Thayer Watkins
Silicon Valley
& Tornado Alley

The Distribution of Sample Variance
(when the mean value of the
random variable is known)
as a Function of Sample Size

Suppose the probability density distribution for x is

p(x) = 1 for -0.5≤x≤+0.5
p(x) = 0 for all other values of x

The square of x can then only have values between 0 and 0.25. Thus the probability density function for w=x2 is given by

P(w) = w-1/2 for 0≤w≤0.25
P(w) = 0 for all other values of w

Below are shown the histograms for 2000 repetitions of taking samples of n random variables and computing the sum of the squares of a random variable which is uniformly distributed between -0.5 and +0.5. The sum is normalized by dividing by the square root of the sample size n. This keeps the dispersion of the distribution constant. Otherwise with larger n the distribution would be more spread out. Althought the random variable is distributed between -0.5 and +0.5 its square is distributed between 0 and 0.25.

Each time the display is refreshed a new batch of 2000 samples is created.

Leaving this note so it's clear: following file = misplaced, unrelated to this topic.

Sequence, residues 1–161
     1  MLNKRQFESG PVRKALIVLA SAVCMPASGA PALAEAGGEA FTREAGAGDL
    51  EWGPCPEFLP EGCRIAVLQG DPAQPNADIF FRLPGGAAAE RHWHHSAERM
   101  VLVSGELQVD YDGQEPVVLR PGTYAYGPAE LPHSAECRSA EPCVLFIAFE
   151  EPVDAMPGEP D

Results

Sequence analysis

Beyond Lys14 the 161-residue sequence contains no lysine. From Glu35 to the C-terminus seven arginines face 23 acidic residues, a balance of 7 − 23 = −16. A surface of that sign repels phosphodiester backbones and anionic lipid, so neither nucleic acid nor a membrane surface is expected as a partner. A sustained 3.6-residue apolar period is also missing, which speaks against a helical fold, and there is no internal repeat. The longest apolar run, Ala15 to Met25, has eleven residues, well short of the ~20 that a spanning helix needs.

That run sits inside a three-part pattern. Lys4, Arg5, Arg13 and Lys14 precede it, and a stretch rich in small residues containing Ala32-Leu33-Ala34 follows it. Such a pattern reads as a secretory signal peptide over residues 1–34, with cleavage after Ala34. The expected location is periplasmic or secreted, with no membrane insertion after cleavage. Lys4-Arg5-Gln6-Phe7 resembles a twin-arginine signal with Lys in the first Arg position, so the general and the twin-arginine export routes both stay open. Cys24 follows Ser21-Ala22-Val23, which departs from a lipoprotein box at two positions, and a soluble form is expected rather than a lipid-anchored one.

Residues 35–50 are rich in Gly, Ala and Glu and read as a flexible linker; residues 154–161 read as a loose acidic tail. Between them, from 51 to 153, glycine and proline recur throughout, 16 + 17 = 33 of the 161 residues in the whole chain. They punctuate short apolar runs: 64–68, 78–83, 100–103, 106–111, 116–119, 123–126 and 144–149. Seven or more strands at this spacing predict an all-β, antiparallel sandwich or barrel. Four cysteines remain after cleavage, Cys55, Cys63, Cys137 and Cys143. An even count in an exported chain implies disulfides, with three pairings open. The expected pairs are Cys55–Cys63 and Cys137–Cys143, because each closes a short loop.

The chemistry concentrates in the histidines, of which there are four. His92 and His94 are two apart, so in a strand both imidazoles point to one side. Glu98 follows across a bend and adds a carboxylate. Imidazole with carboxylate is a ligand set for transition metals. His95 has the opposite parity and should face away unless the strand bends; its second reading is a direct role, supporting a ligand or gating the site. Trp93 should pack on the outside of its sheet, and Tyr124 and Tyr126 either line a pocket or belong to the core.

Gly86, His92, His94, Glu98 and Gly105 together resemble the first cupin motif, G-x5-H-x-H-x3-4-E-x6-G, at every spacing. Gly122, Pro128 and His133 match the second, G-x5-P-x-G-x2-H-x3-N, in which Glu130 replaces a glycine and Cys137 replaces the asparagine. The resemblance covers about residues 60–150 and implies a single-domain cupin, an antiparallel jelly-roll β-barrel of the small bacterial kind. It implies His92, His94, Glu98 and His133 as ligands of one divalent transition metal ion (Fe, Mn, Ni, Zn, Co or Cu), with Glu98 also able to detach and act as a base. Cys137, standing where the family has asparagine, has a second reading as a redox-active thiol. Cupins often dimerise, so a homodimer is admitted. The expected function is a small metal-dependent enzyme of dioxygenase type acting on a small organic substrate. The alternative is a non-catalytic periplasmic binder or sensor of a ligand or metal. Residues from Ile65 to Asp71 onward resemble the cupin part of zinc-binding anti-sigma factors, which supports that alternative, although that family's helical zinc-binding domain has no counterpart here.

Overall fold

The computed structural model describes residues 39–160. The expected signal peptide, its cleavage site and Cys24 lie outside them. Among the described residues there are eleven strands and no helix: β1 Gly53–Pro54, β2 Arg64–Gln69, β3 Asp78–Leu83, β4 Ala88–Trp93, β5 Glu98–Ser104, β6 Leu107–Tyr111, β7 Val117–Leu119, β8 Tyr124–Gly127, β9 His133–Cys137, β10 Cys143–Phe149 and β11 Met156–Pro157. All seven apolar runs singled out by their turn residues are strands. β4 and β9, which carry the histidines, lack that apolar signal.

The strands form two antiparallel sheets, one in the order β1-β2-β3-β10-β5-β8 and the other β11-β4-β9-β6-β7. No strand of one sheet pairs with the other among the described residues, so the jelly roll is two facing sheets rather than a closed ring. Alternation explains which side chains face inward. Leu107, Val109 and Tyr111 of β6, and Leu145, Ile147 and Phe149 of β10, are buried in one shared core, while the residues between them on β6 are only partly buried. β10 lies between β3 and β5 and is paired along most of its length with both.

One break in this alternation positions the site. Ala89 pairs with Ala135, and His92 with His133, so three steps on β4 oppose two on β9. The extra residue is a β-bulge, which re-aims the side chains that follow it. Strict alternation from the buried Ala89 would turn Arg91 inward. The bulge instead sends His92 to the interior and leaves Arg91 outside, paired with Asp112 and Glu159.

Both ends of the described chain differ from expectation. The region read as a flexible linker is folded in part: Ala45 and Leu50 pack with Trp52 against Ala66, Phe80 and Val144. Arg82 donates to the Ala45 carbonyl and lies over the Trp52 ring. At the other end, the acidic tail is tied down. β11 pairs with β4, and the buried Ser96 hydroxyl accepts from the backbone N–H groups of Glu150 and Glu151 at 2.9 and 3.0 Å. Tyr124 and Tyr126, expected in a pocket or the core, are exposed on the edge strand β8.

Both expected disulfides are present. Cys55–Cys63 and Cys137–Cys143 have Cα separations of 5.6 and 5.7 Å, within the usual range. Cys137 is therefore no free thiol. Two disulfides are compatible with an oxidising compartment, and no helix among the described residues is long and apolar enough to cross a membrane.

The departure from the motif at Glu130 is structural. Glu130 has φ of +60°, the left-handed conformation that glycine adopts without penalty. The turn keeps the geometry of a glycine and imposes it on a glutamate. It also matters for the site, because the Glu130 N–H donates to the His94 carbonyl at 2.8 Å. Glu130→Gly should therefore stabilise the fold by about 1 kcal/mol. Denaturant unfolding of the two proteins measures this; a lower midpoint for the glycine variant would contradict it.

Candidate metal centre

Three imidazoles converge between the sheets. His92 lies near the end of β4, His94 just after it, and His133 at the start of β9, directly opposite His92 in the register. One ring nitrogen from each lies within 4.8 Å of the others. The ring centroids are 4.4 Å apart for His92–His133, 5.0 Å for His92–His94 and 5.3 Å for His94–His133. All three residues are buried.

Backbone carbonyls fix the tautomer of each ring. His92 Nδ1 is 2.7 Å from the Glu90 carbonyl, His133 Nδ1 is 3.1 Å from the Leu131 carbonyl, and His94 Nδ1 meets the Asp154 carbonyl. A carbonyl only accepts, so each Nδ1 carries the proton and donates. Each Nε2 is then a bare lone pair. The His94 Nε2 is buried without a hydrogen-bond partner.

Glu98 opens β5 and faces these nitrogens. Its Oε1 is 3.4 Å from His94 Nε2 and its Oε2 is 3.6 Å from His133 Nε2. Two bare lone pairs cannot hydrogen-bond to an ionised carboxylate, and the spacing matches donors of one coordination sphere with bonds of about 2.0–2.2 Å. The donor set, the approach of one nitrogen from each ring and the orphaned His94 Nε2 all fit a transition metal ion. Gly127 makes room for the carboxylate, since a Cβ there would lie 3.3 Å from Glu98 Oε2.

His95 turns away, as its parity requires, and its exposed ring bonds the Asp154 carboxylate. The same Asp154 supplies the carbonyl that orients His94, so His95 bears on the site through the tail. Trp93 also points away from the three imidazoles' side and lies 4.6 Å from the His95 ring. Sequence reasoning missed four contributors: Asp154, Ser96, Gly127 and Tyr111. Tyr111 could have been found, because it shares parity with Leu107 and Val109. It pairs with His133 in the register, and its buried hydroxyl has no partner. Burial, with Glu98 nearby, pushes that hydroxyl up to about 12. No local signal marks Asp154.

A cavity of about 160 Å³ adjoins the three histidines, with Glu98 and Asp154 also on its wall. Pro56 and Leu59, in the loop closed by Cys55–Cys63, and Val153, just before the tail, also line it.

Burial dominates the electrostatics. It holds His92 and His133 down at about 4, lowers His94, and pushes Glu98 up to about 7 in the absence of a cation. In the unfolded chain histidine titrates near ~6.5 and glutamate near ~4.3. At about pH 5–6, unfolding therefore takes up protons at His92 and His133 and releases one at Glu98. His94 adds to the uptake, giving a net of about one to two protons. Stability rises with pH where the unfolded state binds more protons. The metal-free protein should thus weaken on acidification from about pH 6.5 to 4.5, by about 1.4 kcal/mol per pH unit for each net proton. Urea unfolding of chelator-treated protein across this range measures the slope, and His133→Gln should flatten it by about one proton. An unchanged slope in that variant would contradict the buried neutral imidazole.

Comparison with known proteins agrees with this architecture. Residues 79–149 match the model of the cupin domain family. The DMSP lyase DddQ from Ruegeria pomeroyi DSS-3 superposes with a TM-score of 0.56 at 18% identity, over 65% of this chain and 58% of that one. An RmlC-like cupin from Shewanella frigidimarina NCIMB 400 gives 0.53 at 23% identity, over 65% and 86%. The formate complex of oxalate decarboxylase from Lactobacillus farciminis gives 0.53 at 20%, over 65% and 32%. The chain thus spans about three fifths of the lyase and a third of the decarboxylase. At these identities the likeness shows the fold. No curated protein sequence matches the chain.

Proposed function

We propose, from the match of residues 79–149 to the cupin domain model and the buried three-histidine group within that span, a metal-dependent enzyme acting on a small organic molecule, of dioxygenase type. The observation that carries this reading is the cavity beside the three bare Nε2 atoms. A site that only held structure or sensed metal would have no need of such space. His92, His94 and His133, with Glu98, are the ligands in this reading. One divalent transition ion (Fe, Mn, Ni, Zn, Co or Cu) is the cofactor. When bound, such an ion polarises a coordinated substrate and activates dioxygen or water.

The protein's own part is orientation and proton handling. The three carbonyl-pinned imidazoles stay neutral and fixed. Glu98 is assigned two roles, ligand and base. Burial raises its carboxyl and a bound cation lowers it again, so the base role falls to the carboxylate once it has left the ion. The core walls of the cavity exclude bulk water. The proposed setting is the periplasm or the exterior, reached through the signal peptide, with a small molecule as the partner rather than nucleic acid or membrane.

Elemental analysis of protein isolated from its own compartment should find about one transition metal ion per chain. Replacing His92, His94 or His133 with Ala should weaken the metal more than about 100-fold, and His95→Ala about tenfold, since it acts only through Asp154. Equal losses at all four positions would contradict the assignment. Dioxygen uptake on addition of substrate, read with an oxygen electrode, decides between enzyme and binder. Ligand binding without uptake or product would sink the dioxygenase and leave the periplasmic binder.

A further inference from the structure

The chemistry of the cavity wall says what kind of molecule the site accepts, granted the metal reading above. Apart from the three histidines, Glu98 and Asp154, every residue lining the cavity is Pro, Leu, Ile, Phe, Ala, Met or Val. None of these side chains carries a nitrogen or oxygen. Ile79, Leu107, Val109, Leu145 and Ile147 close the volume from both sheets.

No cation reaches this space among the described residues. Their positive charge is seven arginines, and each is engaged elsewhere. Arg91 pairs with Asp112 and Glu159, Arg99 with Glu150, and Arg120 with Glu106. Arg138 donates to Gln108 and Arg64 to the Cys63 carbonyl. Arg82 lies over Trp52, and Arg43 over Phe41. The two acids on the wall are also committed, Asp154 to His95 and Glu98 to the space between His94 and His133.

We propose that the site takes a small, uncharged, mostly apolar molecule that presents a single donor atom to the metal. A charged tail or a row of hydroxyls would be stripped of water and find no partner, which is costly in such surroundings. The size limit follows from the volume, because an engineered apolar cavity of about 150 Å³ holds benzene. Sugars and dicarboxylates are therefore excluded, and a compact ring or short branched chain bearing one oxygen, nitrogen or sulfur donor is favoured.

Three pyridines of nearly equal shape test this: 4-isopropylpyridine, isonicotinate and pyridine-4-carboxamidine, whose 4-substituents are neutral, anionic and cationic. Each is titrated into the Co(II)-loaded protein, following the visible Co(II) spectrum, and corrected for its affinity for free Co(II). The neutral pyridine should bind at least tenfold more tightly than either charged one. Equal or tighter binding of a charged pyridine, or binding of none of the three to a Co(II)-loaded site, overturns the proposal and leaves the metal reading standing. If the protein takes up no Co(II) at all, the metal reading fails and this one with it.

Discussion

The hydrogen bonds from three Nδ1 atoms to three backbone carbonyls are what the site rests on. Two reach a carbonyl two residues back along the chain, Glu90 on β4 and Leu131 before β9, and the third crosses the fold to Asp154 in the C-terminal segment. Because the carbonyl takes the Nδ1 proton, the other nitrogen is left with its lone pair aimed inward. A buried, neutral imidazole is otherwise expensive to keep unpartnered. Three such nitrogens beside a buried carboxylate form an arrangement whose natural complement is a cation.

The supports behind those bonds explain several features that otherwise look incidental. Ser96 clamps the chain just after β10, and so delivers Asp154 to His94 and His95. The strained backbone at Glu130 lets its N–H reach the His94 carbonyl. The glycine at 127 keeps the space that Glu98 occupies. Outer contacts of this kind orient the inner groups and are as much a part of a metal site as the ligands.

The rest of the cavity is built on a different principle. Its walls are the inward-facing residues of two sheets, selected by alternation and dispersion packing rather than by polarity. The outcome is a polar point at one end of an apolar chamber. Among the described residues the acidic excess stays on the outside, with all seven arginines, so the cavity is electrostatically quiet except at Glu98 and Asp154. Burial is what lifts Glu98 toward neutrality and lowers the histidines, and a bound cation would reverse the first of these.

As can be seen, as the sample size n gets larger the distribution more closely approximates the shape of the normal distribution.

Although the distribution for n=1 is decidedly non-normal, for n=16 the distribution looks quite close to a normal distribution even though the sample value can take on only positive values.

If the square root is taken of the sum of the squares the distributions of the results are as is shown below:

The positive square root of the square of the random variable is distributed from 0 to 0.5. Although the distributions for larger sample size look generally like normal distributions they are transforms of normal distributions.

A caution: If the population distribution has an infinite standard deviation then the sample standard deviation will not converge to any value. The sample standard deveiation will always be finite but it is of no relevance. For more on this topic see Sample Statistics for a Stable Distribution.

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